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Adjuvant chemotherapy and radiation for patients with high-risk stage I endometrial cancer treated with curative intent surgery: impact on recurrence and survival
  1. Rachelle Findley1,
  2. Joni Kooy1,
  3. Beverley Lester2,
  4. Nhu D Le3,
  5. Gale Bowering4,
  6. Christie Rugayan2,
  7. Aalok Kumar5,
  8. Sarah Glaze1 and
  9. Jenny Ko6
  1. 1Department of Gynecologic Oncology, Tom Baker Cancer Centre, Calgary, Alberta, Canada
  2. 2Radiation Oncology, BC Cancer - Abbotsford, Abbotsford, British Columbia, Canada
  3. 3Biostatistics, BC Cancer Research Centre, Vancouver, British Columbia, Canada
  4. 4Innomar Strategies Inc, Brandon, Manitoba, Canada
  5. 5Medical Oncology, BC Cancer - Surrey, Surrey, British Columbia, Canada
  6. 6Medical Oncology, BC Cancer - Abbotsford, Abbotsford, British Columbia, Canada
  1. Correspondence to Dr Jenny Ko, BC Cancer Agency Abbostford Centre, Abbotsford, BC V2S 0C0, Canada; jenny.ko{at}bccancer.bc.ca

Abstract

Background Survival benefits of post-operative systemic and radiation therapy in high-risk stage I endometrial cancer are uncertain.

Objective To compare recurrence patterns and survival outcomes of post-surgical treatment in patients with high-risk stage I endometrial cancer and to determine whether adjuvant therapy significantly improves outcomes.

Methods High-risk stage I endometrial cancer was defined as either stage IB grade 3 endometrioid histology or myoinvasive non-endometrioid histology. Consecutive patients diagnosed between January 2000 and December 2010 in eight cancer centers were included. Patients, disease, and treatment characteristics were summarized by descriptive statistics. Overall survival, disease-specific survival, and relapse-free survival were examined using Cox’s proportional hazards regression and log-rank test. Survival curves were estimated using the Kaplan-Meier method.

Results Of 2317 patients with stage I endometrial cancer, 414 patients had high-risk disease. Use of chemotherapy did not improve overall survival (relative risk (RR) 0.70, 95% CI 0.46 to 1.14, p=0.13) or disease-specific survival (RR 1.06, 95% CI 0.61 to 1.85, p=0.84). Significant improvement in recurrence-free survival was observed in patients who received chemotherapy (RR 0.61, 95% CI 0.39 to 0.95, p=0.03). Use of radiation therapy did not improve overall survival, recurrence-free survival, or disease-specific survival. Patients who received four cycles or fewer of chemotherapy versus five to six cycles had similar overall survival, disease-specific survival, and recurrence-free survival.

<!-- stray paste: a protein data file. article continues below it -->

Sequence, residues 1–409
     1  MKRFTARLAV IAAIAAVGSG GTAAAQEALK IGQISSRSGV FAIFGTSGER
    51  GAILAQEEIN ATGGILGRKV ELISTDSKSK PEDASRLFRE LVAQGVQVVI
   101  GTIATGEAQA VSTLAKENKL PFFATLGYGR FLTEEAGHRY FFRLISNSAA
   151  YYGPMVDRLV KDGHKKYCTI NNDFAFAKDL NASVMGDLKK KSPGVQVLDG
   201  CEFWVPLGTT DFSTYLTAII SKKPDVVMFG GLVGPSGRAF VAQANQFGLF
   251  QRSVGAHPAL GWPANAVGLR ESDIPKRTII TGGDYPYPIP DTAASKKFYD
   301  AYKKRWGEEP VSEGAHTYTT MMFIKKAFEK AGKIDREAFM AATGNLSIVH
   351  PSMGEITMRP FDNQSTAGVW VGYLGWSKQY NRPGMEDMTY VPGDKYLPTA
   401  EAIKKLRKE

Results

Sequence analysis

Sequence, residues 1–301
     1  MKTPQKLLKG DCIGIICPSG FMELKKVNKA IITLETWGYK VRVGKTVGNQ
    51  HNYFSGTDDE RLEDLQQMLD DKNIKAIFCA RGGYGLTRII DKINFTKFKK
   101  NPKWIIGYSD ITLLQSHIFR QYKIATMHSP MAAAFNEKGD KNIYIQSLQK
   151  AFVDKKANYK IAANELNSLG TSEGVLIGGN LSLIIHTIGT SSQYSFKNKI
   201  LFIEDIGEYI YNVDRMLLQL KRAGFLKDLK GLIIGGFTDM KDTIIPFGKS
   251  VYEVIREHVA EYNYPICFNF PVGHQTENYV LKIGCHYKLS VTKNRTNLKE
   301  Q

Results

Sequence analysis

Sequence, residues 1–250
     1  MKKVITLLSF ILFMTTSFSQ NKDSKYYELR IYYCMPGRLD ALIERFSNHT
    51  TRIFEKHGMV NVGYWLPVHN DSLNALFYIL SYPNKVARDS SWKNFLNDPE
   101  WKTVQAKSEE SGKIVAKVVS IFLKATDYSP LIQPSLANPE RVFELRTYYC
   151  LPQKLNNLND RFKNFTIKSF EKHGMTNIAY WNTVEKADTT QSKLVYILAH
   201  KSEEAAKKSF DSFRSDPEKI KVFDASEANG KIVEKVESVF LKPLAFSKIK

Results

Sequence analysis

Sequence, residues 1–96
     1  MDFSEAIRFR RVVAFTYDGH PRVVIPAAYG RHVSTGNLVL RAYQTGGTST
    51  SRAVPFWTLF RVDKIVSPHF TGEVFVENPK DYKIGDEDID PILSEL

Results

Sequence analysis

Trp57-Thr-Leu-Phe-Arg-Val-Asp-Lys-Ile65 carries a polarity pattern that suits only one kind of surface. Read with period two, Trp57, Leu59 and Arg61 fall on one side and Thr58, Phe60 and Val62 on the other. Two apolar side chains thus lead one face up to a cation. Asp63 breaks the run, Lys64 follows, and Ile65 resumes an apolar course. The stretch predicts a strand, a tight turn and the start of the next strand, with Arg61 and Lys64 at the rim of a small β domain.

Conclusions Post-operative chemotherapy or radiation in stage I high-risk endometrial cancer is not associated with improved cancer-specific or overall survival. More than four cycles of chemotherapy did not improve survival compared with four cycles or fewer.

  • radiotherapy
  • endometrial neoplasms
  • endometrium

Data availability statement

All data relevant to the study are included in the article or uploaded as supplemental information.

Statistics from Altmetric.com

Data availability statement

All data relevant to the study are included in the article or uploaded as supplemental information.

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Footnotes

  • RF and JoK are joint first authors.

  • Contributors JeK oversaw the conduct of the study, designed the study concept, and acts as guarantor of the study content. JeK, AK, and SG created the study protocol and participated in data curation. BL, GB, CR, AK, and JeK collected data by patient chart review. JeK, AK, and NDL were involved in statistical analysis. JoK, RF, JeK, AK, and SG analyzed and interpreted data. JoK and RF wrote the manuscript. All authors contributed to the manuscript by providing feedback and edits. All authors approved the final draft of the manuscript.

  • Funding The authors have not declared a specific grant for this research from any funding agency in the public, commercial or not-for-profit sectors.

  • Competing interests None declared.

  • Provenance and peer review Not commissioned; externally peer reviewed.

  • Supplemental material This content has been supplied by the author(s). It has not been vetted by BMJ Publishing Group Limited (BMJ) and may not have been peer-reviewed. Any opinions or recommendations discussed are solely those of the author(s) and are not endorsed by BMJ. BMJ disclaims all liability and responsibility arising from any reliance placed on the content. Where the content includes any translated material, BMJ does not warrant the accuracy and reliability of the translations (including but not limited to local regulations, clinical guidelines, terminology, drug names and drug dosages), and is not responsible for any error and/or omissions arising from translation and adaptation or otherwise.

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